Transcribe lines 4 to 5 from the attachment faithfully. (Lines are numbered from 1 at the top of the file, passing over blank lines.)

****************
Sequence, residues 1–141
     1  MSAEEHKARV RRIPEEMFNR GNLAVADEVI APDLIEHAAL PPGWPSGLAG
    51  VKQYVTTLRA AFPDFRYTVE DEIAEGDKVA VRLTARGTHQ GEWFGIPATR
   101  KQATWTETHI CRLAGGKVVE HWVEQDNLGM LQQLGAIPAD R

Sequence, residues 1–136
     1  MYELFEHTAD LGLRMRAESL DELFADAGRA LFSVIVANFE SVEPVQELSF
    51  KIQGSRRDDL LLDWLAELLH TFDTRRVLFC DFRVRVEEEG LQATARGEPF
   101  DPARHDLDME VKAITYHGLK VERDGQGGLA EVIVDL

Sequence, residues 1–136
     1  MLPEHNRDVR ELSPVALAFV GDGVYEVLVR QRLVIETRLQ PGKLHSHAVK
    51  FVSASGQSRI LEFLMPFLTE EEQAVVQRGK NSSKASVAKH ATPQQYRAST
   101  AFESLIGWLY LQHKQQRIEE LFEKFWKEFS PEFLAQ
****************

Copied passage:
   101  KQATWTETHI CRLAGGKVVE HWVEQDNLGM LQQLGAIPAD R

Sequence, residues 1–136